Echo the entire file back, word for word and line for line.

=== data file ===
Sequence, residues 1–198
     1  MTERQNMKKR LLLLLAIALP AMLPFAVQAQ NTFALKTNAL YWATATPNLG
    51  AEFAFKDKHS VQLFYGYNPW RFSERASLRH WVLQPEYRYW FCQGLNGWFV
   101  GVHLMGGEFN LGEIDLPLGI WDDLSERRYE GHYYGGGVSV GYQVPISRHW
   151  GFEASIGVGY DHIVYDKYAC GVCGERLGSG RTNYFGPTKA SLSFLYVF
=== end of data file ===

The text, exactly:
Sequence, residues 1–198
     1  MTERQNMKKR LLLLLAIALP AMLPFAVQAQ NTFALKTNAL YWATATPNLG
    51  AEFAFKDKHS VQLFYGYNPW RFSERASLRH WVLQPEYRYW FCQGLNGWFV
   101  GVHLMGGEFN LGEIDLPLGI WDDLSERRYE GHYYGGGVSV GYQVPISRHW
   151  GFEASIGVGY DHIVYDKYAC GVCGERLGSG RTNYFGPTKA SLSFLYVF